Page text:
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Create Bootable Optical Media (CD, DVD)?

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The Question is:

 
I have created a min install disk from AXPVMS$PCSI_INSTALL_MIN.COM for use on a
 DS20E VMS 7.2-1 system (as per 1075 ask the wizard).  When booting from a
 "normal" disk everything is fine.  When an image of that same disk is backed
 up into an LD disk and b
urned as a CD-ROM, the following error occurs during boot and the system is hung:
"%SYSTEM-I-MOUNTVER SABKUP$DQA0: has been write-locked.  Mount verification in
 progress"
It seems obvious that the CD version is write locked - what can/should be done
 to circumvent (as you have suggested this CD method in the past as a viable
 stand-alone boot method?)
Thanks


The Answer is :

 
          OpenVMS System Disks and CD and DVD Recording
 
 
                    Copyright 1976, 2004 Hewlett-Packard Development
                   Company, L.P.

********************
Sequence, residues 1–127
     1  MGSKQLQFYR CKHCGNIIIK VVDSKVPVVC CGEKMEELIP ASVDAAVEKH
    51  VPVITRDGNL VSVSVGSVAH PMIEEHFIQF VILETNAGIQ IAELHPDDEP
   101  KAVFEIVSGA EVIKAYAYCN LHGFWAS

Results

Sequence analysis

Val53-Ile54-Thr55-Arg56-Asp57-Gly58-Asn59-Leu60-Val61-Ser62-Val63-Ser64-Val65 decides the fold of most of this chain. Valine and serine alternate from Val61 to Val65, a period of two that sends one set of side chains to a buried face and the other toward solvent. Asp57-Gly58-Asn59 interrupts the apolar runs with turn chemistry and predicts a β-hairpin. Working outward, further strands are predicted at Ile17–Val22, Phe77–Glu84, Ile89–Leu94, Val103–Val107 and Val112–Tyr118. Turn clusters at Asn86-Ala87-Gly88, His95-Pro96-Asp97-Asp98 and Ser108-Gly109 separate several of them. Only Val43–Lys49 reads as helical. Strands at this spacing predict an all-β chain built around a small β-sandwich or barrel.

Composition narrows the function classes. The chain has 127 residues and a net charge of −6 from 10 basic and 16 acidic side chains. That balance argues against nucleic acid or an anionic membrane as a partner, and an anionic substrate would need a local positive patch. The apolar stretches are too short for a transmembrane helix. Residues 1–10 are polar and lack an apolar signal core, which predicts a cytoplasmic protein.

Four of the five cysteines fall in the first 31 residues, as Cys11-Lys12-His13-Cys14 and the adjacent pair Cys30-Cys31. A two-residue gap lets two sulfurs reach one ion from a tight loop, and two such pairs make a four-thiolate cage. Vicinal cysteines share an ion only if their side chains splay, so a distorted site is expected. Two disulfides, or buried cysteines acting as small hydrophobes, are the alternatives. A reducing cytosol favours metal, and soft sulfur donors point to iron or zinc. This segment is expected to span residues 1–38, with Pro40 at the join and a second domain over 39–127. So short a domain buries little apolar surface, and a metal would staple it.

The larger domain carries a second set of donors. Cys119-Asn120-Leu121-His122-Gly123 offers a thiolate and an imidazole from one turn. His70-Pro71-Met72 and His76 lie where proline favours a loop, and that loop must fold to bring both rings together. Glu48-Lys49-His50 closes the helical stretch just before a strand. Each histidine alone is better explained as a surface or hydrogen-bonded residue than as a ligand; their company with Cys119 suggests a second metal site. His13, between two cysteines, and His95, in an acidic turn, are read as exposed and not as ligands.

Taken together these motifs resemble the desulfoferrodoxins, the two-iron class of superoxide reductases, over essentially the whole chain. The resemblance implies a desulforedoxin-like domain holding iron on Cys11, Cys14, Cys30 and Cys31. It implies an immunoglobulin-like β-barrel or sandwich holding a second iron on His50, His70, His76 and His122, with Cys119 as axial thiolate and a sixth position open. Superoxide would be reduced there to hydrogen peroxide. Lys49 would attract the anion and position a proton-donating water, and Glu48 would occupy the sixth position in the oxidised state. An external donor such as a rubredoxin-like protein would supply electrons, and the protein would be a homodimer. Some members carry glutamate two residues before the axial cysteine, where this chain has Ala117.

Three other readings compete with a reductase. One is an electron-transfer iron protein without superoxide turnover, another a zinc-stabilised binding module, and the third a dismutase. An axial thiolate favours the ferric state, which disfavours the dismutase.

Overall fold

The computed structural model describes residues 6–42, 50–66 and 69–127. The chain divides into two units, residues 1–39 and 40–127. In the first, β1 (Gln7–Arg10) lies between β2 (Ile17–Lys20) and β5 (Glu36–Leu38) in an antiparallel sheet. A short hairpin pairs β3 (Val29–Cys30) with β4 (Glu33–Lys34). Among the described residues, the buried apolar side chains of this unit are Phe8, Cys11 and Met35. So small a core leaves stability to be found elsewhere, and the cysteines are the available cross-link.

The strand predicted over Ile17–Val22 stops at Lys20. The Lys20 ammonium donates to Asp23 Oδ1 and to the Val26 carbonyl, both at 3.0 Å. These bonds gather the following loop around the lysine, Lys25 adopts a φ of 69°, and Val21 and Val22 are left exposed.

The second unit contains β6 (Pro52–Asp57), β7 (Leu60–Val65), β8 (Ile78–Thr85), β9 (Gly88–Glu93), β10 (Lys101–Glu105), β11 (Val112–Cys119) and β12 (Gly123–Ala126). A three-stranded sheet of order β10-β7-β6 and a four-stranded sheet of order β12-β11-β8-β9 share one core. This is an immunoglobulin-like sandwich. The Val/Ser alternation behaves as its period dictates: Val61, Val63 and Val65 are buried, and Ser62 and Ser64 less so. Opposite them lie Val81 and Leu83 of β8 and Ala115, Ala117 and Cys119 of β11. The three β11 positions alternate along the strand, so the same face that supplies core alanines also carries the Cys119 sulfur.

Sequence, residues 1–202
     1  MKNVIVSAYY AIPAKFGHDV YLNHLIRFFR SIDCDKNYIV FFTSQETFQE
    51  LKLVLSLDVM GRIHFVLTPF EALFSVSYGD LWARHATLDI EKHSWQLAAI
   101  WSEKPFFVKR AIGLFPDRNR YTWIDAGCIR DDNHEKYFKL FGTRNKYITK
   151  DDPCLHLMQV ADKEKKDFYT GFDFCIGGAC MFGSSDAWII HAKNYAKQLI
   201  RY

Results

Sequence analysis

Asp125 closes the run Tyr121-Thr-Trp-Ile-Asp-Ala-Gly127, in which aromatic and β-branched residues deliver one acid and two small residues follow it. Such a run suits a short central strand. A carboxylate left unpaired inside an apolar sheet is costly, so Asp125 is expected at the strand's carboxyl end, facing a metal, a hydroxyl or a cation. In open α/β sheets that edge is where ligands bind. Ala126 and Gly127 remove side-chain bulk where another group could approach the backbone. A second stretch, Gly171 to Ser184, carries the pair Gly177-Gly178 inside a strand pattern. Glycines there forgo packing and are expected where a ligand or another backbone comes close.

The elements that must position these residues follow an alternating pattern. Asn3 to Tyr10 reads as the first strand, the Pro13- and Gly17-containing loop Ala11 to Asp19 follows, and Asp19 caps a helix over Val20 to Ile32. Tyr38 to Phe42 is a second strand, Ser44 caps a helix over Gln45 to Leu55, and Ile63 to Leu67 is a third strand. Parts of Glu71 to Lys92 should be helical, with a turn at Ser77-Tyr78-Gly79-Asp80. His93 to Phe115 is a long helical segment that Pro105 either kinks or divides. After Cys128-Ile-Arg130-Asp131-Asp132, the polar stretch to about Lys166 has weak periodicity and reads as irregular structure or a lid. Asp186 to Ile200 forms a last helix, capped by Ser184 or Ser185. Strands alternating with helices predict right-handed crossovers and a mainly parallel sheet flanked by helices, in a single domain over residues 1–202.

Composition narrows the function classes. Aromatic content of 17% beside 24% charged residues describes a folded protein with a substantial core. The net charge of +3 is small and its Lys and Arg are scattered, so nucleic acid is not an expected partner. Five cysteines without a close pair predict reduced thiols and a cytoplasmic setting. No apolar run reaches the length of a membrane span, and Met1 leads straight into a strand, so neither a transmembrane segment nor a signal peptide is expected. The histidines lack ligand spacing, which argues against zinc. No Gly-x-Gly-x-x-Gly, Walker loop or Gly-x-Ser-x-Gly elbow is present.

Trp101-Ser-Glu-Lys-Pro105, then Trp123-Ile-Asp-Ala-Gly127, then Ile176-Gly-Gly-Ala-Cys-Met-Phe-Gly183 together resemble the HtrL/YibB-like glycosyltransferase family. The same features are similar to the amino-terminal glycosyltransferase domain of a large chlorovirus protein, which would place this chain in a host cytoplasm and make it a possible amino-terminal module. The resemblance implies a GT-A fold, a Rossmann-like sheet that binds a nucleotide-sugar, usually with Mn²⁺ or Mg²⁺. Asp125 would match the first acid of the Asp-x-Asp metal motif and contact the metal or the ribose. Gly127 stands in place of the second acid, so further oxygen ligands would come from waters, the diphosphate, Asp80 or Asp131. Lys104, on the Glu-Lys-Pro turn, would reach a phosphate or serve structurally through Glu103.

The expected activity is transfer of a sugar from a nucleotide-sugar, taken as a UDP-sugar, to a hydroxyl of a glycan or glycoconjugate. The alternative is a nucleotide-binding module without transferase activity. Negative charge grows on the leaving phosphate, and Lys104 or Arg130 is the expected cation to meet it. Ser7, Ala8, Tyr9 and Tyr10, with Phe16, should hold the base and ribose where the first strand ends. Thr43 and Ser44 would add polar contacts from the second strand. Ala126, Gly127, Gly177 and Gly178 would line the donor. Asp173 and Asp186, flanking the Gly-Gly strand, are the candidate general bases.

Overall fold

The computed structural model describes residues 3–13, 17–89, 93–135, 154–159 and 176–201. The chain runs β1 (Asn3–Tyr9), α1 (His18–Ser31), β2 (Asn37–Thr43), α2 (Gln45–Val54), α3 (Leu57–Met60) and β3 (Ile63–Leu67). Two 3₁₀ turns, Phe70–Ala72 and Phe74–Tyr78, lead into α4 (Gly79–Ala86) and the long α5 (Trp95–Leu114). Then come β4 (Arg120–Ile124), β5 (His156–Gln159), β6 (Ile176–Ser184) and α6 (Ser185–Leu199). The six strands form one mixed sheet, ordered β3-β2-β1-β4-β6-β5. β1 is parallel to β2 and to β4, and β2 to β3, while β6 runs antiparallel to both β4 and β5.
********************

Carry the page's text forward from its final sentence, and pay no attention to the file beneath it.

Neither HP nor any of its subsidiaries shall be
                   liable for technical or editorial errors or
                   omissions contained herein.   The information
                   in this document is provided "as is" without
                   warranty of any kind and is subject to change
                   without notice.   The warranties for HP products
                   are set forth in the express limited warranty
                   statements accompanying such products.   Nothing
                   herein should be construed as constituting an
                   additional warranty.
 
 
                               Document Abstract
 
                   This document describes CD and DVD recording, and
                   ways to generate bootable media for use with the
                   OpenVMS Alpha and OpenVMS I64 operating systems.
 
                   This document does not discuss specific recording
                   tools, though a recording tool is assumed available